A Roman Marble Portrait Head of the Empress Faustina Minor
Circa 162-176 A.D.
Height of marble 12 inches.
Annia Galeria Faustina or Faustina Minor (the Younger) was born circa 125-130 A.D. She was one of four children of Emperor Antoninus Pius and Faustina Major (the Elder). Her great uncle, Emperor Hadrian, had betrothed her to Lucius Verus, but her father, who succeeded Hadrian as Emperor in 138 A.D., preferred his wife's nephew and Lucius Verus' adoptive brother, Marcus Aurelius, as Faustina's intended. Her father's preference ultimately prevailed, and in 145 A.D., Marcus Aurelius and Faustina were married. When Emperor Antoninus Pius died in 161 A.D., Marcus Aurelius ascended the Antonine throne alongside his adoptive brother, Lucius Verus, and Faustina was given the official title of Augusta or Empress (D. Kleiner, Roman Sculpture, New Haven, 1992, p. 278). Although the convention of multiple portrait types for members of the Imperial family is well-represented in the canon of Roman sculpture, the surviving portraits of Faustina Minor have been classified as adhering to a prodigious nine different types; only Septimius Severus, who was Emperor from 193 to 211 A.D., boasts more than Faustina Minor with ten documented portrait types (B.M. Levick, Faustina I and II Imperial Women of the Golden Age, Oxford, 2014, p. 277). This portrait head of Faustina Minor, which dates to circa 162-176 A.D., is representative of her eighth portrait type, the advent of which generally coincided with the birth of her twin sons Fulvus Antoninus and Commodus and her husband's ascension to power in 161 A.D. While her serene, oval face, almond-shaped eyes and centrally-parted braided chignon are evocative of her earlier portrait types, her face is €œimbued with a sense of maturity,€ a deliberate feature indicative of her status not only as Empress but as celebrated wife and mother of male heirs (D. Kleiner, pp. 278, 280). Faustina accompanied Marcus Aurelius on several military campaigns and was referred to by the Roman soldiers under his command as Mater Castrorum or €œMother of the Camp.€ She died in 175 A.D. while abroad at a military camp in Halala in Cappadocia, which was renamed Faustinopolis in her honor. Faustina was buried in the Mausoleum of Hadrian in Rome and was deified by her husband (D. Kleiner, p. 278).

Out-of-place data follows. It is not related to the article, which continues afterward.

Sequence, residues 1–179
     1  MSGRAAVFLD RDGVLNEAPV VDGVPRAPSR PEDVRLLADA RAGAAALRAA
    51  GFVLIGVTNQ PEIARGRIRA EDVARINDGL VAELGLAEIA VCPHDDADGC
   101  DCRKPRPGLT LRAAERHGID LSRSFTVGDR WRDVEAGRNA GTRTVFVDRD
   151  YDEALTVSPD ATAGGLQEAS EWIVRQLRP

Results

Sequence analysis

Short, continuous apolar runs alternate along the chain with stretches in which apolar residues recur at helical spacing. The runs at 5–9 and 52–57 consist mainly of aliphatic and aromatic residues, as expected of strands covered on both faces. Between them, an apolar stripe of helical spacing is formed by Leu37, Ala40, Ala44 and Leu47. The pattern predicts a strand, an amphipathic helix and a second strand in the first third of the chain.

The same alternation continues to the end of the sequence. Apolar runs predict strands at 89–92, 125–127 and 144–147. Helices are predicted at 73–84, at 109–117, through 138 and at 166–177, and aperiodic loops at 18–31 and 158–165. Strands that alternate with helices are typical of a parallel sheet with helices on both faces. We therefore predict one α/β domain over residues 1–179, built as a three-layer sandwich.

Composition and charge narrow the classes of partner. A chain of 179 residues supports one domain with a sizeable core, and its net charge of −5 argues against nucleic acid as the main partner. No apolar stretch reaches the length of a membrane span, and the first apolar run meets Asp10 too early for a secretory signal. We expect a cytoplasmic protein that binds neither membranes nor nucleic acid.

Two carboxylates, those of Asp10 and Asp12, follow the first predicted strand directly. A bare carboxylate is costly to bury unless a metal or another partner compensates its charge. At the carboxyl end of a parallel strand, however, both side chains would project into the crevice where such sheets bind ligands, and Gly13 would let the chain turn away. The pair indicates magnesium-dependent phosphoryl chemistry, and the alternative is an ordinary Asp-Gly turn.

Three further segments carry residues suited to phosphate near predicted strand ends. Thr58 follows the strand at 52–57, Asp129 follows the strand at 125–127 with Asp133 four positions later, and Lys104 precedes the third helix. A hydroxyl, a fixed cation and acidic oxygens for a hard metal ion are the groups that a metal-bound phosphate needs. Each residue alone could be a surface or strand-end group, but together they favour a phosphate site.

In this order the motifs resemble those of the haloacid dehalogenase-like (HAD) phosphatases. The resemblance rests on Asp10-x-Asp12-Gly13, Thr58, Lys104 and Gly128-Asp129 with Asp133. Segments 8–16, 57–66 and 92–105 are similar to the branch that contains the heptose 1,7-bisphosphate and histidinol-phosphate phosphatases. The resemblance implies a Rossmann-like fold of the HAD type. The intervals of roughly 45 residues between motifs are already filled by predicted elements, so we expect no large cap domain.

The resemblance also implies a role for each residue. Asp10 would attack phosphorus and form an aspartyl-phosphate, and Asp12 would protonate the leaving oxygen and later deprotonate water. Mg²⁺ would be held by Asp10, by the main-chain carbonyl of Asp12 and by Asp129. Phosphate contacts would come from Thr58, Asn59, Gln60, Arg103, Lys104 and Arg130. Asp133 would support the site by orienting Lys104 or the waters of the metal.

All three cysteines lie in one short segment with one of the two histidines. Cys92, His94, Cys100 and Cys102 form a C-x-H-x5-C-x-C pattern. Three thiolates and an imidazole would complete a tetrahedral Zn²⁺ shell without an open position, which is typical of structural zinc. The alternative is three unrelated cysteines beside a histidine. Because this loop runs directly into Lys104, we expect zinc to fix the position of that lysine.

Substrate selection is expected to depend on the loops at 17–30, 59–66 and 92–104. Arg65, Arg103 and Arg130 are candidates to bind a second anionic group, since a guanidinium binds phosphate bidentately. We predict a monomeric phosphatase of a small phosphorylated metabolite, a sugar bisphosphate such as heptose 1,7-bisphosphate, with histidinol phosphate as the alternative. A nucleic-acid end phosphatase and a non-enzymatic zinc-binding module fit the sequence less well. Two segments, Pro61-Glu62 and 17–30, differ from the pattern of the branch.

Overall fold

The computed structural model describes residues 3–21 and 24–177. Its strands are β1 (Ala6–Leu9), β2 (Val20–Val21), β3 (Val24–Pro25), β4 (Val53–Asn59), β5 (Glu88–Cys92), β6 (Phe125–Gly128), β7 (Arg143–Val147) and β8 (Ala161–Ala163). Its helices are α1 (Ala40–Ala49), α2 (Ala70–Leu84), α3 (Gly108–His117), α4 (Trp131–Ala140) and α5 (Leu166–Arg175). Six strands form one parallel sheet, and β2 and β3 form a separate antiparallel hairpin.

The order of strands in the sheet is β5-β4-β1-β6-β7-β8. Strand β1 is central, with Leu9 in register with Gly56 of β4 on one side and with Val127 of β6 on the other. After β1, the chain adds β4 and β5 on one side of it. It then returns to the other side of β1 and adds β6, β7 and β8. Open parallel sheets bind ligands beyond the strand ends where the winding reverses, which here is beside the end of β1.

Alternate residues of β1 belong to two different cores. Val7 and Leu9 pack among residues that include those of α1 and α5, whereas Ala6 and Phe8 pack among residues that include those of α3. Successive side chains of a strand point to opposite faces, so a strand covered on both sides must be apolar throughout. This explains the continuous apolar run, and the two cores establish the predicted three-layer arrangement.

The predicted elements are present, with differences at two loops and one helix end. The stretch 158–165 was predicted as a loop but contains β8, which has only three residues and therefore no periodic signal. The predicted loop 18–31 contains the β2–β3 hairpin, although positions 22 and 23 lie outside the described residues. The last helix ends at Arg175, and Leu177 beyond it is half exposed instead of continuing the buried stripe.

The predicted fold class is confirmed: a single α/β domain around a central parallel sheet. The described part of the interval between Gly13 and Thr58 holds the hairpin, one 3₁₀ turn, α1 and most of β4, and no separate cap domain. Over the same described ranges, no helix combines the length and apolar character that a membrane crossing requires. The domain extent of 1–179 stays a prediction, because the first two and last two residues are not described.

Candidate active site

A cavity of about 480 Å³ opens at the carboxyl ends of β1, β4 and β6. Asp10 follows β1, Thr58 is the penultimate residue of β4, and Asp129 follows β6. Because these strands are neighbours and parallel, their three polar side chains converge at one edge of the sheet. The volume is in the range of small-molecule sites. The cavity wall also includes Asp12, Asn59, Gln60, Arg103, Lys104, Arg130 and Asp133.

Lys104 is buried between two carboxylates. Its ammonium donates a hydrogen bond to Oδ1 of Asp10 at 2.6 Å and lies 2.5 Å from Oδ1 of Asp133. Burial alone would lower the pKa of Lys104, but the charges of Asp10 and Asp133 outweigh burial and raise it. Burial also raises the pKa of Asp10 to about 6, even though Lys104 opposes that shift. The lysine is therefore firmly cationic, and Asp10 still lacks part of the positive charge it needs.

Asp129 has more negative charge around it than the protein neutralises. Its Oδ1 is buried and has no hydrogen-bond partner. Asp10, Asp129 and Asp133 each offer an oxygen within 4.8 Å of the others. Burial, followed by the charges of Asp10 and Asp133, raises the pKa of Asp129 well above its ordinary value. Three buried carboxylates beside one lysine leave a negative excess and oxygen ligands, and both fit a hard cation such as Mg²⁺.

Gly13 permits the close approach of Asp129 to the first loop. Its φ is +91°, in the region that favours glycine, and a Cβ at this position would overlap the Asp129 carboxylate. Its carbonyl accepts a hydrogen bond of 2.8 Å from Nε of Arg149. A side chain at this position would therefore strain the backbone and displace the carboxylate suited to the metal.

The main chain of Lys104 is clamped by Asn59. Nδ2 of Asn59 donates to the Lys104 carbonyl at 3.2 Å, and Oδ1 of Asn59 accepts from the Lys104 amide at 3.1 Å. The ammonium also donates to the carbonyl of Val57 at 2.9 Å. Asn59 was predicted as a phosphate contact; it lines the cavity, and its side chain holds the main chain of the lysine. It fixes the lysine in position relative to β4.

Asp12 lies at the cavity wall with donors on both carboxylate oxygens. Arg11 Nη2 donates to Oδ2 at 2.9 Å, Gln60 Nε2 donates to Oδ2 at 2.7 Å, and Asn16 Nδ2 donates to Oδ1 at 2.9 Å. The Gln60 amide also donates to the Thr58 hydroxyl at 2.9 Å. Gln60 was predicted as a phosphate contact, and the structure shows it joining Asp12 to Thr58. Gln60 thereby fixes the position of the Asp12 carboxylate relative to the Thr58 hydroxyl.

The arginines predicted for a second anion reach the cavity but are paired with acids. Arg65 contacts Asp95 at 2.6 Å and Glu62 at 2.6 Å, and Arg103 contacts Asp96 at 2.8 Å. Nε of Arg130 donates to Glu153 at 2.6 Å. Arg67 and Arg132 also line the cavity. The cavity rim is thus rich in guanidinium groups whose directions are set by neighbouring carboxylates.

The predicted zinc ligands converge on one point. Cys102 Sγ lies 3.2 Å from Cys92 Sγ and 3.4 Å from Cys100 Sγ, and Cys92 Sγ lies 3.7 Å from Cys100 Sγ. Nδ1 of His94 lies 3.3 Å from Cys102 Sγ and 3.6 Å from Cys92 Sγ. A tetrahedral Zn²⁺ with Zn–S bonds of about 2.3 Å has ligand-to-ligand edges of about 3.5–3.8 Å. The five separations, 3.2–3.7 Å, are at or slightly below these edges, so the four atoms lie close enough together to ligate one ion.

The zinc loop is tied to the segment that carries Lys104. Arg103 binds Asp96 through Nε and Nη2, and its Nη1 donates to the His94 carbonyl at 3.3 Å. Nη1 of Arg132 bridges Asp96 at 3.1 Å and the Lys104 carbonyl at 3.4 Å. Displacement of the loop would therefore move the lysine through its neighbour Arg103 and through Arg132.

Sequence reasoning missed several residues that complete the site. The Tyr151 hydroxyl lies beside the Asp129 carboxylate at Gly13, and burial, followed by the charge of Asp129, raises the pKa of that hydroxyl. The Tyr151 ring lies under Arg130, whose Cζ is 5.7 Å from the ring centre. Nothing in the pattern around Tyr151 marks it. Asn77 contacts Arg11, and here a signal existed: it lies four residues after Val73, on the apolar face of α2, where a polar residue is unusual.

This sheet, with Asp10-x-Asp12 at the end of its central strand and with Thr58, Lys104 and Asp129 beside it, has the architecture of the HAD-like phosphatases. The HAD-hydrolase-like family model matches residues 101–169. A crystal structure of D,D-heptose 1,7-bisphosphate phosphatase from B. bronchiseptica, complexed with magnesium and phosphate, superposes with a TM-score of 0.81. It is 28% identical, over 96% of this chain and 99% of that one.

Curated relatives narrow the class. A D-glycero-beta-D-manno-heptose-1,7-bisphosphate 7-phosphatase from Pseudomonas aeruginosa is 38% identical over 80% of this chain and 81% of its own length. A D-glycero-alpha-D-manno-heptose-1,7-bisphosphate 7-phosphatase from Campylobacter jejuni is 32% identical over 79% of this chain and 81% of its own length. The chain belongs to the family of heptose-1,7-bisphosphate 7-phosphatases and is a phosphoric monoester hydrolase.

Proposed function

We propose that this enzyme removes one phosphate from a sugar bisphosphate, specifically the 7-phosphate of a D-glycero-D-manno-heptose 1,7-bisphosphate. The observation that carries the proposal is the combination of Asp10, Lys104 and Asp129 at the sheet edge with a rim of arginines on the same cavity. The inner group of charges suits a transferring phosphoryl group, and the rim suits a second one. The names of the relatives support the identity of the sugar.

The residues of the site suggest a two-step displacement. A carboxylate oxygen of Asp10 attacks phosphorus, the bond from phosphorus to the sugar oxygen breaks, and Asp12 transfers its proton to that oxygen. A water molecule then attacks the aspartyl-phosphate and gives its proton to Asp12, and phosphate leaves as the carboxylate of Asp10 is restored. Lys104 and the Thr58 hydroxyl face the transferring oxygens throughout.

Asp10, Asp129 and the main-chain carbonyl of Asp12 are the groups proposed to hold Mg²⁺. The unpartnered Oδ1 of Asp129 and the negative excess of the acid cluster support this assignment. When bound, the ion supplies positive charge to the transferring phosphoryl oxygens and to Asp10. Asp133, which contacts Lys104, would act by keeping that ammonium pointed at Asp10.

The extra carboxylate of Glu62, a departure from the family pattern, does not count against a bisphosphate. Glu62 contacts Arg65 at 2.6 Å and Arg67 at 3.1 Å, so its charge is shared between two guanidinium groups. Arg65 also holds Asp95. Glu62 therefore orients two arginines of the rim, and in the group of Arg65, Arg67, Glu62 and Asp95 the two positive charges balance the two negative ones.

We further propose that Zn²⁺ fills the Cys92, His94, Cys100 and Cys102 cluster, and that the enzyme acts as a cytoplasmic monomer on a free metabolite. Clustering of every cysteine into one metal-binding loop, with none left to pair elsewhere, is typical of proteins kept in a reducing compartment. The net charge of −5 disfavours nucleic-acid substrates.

Close surviving examples of this portrait type can be found at the Archaeological Museum of Istanbul (Inv. no. 5130; cf. K. Fittschen, Die Bildnistypen der Faustina Minor und die Fecunditas Augustae, Gottingen, 1982, pl. 41); and Rome's Capitoline Museum (Inv. no. 632; op cit. pl. 43).
Sotheby's, London, Antiquities, 9-10 July 1984, Lot 332.
Mahboubian Gallery of Ancient Art, London, 27 July 1984 (with invoice).
Property from a Private Collector, Winnetka, Illinois
Height overall 18 inches.
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